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Thread: Somewhat OT: what kind of title is "gwun chu" and what is its English equivalent?

  1. #1
    Moderator Ken Cheng's Avatar
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    Default Somewhat OT: what kind of title is "gwun chu" and what is its English equivalent?

    This topic could also probably fit into the Academia Forum, but more likely, the folks here at the Wuxia Forum would be more knowledgeable in this area. Moreover, the topic *is* wuxia-related, albeit tangentially.

    In Western royalty and nobility, the title of "princess" seems to be the catch all title for any woman belonging to the royal family or the upper echelons of the nobility who is not herself the monarch or the spouse of the monarch. A daughter of the reigning monarch is a princess, and so is her distant cousin. Obviously, they are not equals in rank, but their title is the same in English.

    In the Chinese language, the distinction is much more precise. For example, Ah Chi in DGSD was referred to as a "gwun chu" of the Liao Empire after Siu Fung became a prince of the Liao Empire. Similarly, in HSDS, Chiu Mun, who was not a member of the royal family, but belonged to an important Yuan Dynasty noble family, also held the title of "gwun chu." In contrast, actual princesses that were descendants of monarchs, such as Princess Hua Jeng (daughter of Genghis Khan) in LOCH and Princess Fragrance from B&S: G&R, were "gung chu."

    So is there an English equivalent for the term "gwun chu?"

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    Senior Member HuangYushi's Avatar
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    "gwan jyu" (in Yale cantonese) = 郡主 = jun4 zhu3 (in Mandarin).

    The dictionary definition for "gwan/jun4" is "an administrative division (of land/territory)". Sometimes, it is can be called a "prefecture".

    Since "jyu/zhu3" in this context means "leader", the English equivalent of "gwan jyu/jun4 zhu3" could be the "prefect".

    Zhao Min in HSDS was known as "gwan jyu/jun zhu", so going by the above, she could actually be known as a "prefect" instead of a "princess". It doesn't say in HSDS whether Zhao Min had any specific administrative jurisdiction, but she did possess enough clout to have the Xuanming Elders, etc, under her command.

    A'Zi in DGSD was given the title "gwan jyu/jun zhu" in an honorary way, without any real administrative power.

    ---

    "gung jyu" = 公主 = gong1 zhu3.

    Now, that's the "princess", which includes characters like Fragrant/Smelly, Hua Zheng and Jianning (DOMD).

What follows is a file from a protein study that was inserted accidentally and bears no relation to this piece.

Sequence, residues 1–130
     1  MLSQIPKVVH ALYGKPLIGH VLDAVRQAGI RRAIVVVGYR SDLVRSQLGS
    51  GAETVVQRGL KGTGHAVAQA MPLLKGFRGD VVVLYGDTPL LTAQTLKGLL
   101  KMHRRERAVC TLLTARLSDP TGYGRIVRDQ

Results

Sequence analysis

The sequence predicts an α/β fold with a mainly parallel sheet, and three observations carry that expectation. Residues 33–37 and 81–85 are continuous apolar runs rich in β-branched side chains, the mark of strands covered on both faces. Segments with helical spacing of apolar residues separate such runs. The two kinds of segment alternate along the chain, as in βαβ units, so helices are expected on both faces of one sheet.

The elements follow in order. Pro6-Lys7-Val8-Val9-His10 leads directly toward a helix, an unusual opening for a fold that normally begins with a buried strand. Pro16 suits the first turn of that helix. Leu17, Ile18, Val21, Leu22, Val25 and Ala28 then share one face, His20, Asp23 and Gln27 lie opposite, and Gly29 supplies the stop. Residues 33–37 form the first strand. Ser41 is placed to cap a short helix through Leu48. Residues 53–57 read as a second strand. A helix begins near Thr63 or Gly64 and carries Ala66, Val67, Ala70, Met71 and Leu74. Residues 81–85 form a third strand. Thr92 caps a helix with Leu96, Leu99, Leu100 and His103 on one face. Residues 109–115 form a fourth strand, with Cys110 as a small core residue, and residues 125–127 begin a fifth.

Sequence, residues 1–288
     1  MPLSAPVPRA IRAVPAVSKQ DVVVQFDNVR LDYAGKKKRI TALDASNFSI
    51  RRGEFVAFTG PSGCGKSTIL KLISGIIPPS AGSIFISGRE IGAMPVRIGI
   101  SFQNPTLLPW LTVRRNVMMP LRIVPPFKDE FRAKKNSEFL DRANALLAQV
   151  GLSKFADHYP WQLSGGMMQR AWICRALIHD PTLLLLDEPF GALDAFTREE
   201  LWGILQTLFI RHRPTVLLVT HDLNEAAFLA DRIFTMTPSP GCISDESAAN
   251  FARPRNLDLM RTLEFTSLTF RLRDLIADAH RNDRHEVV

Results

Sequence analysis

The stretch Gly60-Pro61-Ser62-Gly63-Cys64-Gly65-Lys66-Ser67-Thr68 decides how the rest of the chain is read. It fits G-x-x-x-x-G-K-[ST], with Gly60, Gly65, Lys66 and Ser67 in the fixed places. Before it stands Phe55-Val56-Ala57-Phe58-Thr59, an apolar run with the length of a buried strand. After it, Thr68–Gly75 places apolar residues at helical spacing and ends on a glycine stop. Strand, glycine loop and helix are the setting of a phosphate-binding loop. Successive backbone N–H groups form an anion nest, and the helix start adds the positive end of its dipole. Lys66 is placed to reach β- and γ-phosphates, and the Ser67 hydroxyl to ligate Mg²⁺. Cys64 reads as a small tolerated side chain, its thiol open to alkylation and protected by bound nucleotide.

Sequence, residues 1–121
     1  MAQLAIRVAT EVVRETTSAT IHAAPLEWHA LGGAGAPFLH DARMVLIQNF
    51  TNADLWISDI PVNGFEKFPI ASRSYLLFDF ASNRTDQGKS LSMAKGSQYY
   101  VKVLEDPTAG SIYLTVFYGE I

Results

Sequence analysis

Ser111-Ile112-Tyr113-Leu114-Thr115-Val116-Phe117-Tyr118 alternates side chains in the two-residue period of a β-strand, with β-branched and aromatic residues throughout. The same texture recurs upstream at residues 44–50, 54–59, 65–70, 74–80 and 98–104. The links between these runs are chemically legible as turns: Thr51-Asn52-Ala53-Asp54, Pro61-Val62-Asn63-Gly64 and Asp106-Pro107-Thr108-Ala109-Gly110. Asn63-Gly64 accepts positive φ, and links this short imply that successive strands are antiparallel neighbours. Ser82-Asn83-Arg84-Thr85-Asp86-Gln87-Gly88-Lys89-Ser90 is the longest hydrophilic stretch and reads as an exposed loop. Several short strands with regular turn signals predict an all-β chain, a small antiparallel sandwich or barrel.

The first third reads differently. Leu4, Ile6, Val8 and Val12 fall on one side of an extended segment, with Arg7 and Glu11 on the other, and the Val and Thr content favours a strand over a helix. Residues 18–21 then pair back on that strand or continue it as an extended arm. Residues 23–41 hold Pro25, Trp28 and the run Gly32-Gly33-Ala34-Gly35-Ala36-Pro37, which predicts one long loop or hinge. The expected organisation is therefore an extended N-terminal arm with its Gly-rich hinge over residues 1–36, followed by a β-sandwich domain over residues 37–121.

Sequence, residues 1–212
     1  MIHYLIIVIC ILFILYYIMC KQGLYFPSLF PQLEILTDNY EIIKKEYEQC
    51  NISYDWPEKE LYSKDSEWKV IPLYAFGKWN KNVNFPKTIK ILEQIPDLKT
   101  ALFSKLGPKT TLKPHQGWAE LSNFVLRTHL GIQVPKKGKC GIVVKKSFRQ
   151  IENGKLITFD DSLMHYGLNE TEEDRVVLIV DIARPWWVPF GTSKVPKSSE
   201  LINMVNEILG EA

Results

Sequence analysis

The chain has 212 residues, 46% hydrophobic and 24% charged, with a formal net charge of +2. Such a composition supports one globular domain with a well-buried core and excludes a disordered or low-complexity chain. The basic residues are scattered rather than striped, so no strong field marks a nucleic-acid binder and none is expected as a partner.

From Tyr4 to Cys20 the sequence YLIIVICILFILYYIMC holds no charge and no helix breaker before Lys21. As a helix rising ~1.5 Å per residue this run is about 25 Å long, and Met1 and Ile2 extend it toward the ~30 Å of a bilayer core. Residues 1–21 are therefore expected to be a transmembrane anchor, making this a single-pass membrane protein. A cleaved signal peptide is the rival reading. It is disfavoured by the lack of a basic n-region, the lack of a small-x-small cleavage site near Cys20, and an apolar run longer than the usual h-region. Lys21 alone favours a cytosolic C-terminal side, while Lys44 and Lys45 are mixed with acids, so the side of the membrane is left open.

Jin Yong's Ode to Gallantry [侠客行].
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    Moderator Ken Cheng's Avatar
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    I knew I could count on you.

    Apparently, this title is given only to women. I know of no men referred to as "gwun chu," but the English title of "prefect" seems to have masculine associations...or at least unisex ones.

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    Senior Member HuangYushi's Avatar
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    ...but the English title of "prefect" seems to have masculine associations...or at least unisex ones.
    I agree. The administrative of system prefectures [gwan/jun 郡] and counties [yun/xian 县] took shape during the Qin Dynasty. Each prefecture was headed by a civil officer (sau/shou4 守, literally "guard"), a military officer [wai/wei4 尉] and an imperial inspector [gaam yu si / jian1 yu4 shi3 监御使]. Perhaps, the absence of a single leadership position during the early days of prefectures contributed to the absence of men who were called "gwan jyu/jun zhu".

    However, there is another "gwan jyu" that were mostly used by men.

    Instead of the prefect 郡主 (gwan6 jyu2), the Chinese characters for this male position are 君主 (gwan1 jyu2). The characters are also pronounced in a different tone. This 君主 means "monarch/sovereign", which in ancient/feudal times tended to be almost entirely male.
    Jin Yong's Ode to Gallantry [侠客行].
    Quote Originally Posted by atlantean0208
    what about SPT, I need my SPT fix ASAP, pretty pleaseeeee...
    Soon ... SOON!

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    Senior Member Laviathan's Avatar
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    In addition to what my dear friend Huang Yushi said...

    During the days of the Chinese empire, a monarch would usually bestow the following ranks to his relatives or most loyal subjects:

    Male peerage

    1. Qinwang 亲王 : "Prince of the Blood" or Prince Imperial. This title is usually granted to the sons or brothers of an emperor. Wanyan Honglie of LOCH was a Prince Imperial, with the title of Prince of Zhao. In DOMD, Wu Sangui also carried the title of Pingxi Qinwang, "Imperial Prince who Pacified the West", a great honour and also rare due to the fact that Wu himself did not have Manchurian (royal) blood.

    2. Junwang 郡王 : Commandery Prince or Secondary Prince. This was the title usually granted to the sons of a Prince Imperial. At the end of the Ming Dynasty, Zheng Chenggong was also granted the title of Yanping Junwang "Prince of Yanping Commandery".

    3. Gong 公 : Duke

    4. Hou 侯 : Marquis

    Female peerage

    1. Gongzhu 公主 : Princess Imperial, daughters or sisters of an emperor.